Downtown LA is home to many historical buildings, including theaters, that have served various purposes over the past century. Many of them are now nightclubs and entertainment venues that cater to a modern crowd while preserving their rich history. These are some of the more popular hotspots that you can check out when you’re feelin’ the urge to go dancing or if you just want to listen to some good music:
Avalon – Originally opened in 1927, the theater was home to various traveling shows, Broadway stars and comedy acts throughout the ‘30s, ’40 and ‘50s. Like any person or place in the entertainment industry, it went through a period of name changes as well. The venue became El Capitan for a period of time until it was renamed the Jerry Lewis Theatre and then the Hollywood Palace. It is now known as Avalon, a music venue popular amongst the hip LA crowd. The structure underwent a major makeover in 2003 and also features an outdoor patio on the second level that serves as a smoking lounge. Now Avalon is home to numerous EDM club acts and world renowned DJs such as Paul Oakenfold and Kristina Skky. And unlike other bars and clubs that shut down at 2 a.m., this place follows a more European format, staying open until 7 a.m. – perfect for those that just want to dance to one more song before calling it a night.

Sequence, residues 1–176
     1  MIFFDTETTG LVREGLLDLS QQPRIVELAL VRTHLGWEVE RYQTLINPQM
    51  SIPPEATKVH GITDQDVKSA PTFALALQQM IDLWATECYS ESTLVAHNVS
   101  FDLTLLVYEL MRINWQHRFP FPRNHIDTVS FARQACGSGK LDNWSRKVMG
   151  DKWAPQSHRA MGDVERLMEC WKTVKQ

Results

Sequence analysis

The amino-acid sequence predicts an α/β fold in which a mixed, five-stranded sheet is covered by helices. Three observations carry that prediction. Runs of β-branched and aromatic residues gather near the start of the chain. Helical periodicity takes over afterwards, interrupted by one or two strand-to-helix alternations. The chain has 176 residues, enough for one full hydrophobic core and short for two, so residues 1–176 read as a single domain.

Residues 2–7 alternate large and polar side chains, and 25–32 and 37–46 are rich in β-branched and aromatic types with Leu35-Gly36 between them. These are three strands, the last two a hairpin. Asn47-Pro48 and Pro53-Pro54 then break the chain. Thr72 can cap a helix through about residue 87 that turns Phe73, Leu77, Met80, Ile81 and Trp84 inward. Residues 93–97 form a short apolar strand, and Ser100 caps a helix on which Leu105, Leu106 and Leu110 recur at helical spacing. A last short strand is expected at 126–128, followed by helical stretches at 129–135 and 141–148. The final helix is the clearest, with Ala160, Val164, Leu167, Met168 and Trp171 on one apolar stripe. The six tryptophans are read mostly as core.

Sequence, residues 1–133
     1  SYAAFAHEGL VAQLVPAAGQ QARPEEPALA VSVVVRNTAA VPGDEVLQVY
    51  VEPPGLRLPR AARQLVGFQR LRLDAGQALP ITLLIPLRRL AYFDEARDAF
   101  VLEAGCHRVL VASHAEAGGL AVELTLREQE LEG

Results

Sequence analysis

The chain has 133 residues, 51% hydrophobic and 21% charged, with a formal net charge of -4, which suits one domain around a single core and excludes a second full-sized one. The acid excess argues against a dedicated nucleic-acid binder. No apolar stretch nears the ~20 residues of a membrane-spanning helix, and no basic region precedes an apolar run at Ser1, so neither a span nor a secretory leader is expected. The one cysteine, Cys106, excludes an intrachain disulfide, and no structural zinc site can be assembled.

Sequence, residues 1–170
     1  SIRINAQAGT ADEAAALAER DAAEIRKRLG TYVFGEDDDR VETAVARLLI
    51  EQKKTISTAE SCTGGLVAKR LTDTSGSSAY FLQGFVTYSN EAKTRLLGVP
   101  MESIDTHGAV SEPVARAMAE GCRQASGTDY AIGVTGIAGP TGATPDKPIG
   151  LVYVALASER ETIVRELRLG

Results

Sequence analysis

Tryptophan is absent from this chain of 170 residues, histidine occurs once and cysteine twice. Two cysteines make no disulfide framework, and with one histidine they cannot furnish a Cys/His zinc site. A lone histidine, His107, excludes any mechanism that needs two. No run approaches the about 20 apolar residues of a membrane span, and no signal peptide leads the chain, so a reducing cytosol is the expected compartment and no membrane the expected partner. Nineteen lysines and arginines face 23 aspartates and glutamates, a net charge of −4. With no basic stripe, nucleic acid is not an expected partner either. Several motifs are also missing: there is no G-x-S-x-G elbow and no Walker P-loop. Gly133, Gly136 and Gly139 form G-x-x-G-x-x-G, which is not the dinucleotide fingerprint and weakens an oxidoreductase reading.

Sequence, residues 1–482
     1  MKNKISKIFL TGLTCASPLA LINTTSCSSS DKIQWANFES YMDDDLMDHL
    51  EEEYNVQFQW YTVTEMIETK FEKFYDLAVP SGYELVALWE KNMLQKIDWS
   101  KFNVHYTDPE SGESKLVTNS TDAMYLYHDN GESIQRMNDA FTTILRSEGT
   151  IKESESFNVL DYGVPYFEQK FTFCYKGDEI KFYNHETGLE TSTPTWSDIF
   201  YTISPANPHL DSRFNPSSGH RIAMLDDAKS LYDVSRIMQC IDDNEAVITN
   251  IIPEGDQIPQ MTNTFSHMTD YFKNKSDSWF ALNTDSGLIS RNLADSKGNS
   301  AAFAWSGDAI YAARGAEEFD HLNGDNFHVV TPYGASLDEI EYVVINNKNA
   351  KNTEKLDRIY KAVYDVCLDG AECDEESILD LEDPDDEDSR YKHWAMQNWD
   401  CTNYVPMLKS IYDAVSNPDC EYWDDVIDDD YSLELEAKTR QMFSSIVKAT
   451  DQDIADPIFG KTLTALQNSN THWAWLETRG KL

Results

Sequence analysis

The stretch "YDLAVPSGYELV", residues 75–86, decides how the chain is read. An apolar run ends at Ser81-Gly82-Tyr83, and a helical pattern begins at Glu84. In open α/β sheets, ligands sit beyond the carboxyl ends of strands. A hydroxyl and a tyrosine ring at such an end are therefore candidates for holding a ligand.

Mayan – One of the glitzier and more ostentatious-looking buildings that serves as a reminder of downtown LA’s glamorous and flamboyant past, the Mayan opened in 1927 and focused primarily on musical comedies and ran movies as well. In the ‘40s, the building showed Spanish language films and the occasional adult “artie” film before being converted into a porno venue known as the “Fabulous Mayan” in the late ‘60s. Some of you may recognize shots of the theater in films such as “The Bodyguard” featuring Whitney Houston and Kevin Costner or “The Replacement Killers” starring Chow Yun-Fat and Mira Sorvino. Nowadays the venue operates as a nightclub, and if you drive by on a weekend night you’ll find long lines wrapped around the block with people dressed to the nines waiting for their turn to get past the velvet ropes.
Belasco – A 1900s historic relic, the theater was founded in 1904 and renamed the Follies in 1926, where it then served as the premier destination for burlesque shows as well as the play “Gentlemen Prefer Blondes.” Stars like Humphrey Bogart and Helen Hayes often graced the stage, and after a brief stint as a church in the ‘70s, the 40,000 square foot building underwent a $12 million restoration in 2011. A great amount of detail went into preserving most of its original architecture and dramatic interior design. In addition to a main theater, the club also has a ballroom, basement lounge, a café for casual dining, along with a seafood restaurant and wine/tapas bar. From DJ sets to well-known performers to private events, the Belasco is one of LA’s most prominent entertainment venues that continues to grow in popularity.